West Palm Beach approves new ordinance to help stop acts of hate
City leaders in West Palm Beach have adopted a new ordinance to help combat the recent series of antisemitic acts.
Commissioners on Monday unanimously approved Ordinance No. 5035-23, which strengthens penalties for projecting offensive images on public and private buildings without the owner's consent.
Violators could face up to 60 days in jail and a fine of $500.
The ordinance is in response to an incident two months ago when two men were caught displaying a swastika on the AT&T building downtown.
The newly approved ordinance would make projecting images on buildings a crime and streamline the process for property owners to file civil lawsuits against offenders.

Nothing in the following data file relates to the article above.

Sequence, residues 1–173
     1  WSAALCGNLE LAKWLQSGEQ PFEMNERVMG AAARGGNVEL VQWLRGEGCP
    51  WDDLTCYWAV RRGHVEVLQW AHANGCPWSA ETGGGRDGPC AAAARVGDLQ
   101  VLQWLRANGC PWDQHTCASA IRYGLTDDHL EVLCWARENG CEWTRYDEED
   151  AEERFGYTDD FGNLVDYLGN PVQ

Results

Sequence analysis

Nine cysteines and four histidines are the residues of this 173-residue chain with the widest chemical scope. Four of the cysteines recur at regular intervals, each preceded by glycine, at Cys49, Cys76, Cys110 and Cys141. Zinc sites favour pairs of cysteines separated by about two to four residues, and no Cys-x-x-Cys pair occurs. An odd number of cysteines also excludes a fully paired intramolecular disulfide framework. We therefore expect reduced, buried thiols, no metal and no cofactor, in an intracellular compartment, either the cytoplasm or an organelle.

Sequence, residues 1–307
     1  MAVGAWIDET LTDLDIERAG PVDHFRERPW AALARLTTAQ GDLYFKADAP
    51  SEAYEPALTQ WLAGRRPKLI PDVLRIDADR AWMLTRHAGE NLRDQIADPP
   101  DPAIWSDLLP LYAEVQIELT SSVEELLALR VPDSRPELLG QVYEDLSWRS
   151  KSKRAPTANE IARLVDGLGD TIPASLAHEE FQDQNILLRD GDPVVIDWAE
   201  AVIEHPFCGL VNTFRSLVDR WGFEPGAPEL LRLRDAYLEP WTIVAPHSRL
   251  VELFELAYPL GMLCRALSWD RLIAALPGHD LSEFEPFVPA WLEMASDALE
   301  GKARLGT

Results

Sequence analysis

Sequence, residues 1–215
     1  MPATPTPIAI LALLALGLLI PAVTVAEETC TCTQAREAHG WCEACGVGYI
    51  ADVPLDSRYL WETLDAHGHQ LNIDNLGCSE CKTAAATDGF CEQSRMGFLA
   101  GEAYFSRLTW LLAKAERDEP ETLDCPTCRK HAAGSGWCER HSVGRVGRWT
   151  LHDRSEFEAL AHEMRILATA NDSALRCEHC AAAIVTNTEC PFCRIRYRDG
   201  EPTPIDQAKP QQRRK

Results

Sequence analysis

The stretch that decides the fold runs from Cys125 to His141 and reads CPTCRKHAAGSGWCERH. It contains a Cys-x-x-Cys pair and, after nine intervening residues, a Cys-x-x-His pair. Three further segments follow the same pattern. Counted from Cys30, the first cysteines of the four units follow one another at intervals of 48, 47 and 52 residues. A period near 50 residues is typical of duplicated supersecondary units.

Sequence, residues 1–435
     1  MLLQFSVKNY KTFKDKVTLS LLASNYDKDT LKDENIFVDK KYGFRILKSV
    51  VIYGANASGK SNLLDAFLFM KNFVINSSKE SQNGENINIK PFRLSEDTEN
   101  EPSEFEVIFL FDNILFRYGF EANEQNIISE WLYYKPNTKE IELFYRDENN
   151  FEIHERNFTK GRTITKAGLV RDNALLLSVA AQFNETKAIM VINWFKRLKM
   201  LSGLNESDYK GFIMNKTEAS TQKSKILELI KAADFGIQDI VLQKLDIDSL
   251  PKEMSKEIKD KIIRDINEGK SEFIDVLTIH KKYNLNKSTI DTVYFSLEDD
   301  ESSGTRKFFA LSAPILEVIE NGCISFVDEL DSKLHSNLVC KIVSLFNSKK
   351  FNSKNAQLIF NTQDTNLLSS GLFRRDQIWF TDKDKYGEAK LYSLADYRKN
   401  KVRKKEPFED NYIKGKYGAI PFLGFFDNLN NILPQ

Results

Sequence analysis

During public comment, Jewish community members spoke in favor of the new ordinance but argued it was not enough to deter people from committing antisemitic acts.
"It's fragile, liberal and a repurposed bill that was not written for West Palm," said Ari Fixler, director of West Palm Beach's Amud Aish Holocaust Museum. "They took another bill from another state and repurposed it for here."
Last week, county officials passed a similar ordinance that comes with hefty fines.
First-time offenders will be forced to pay $1,000, and those caught again would be fined anywhere from $5,000 to $15,000.
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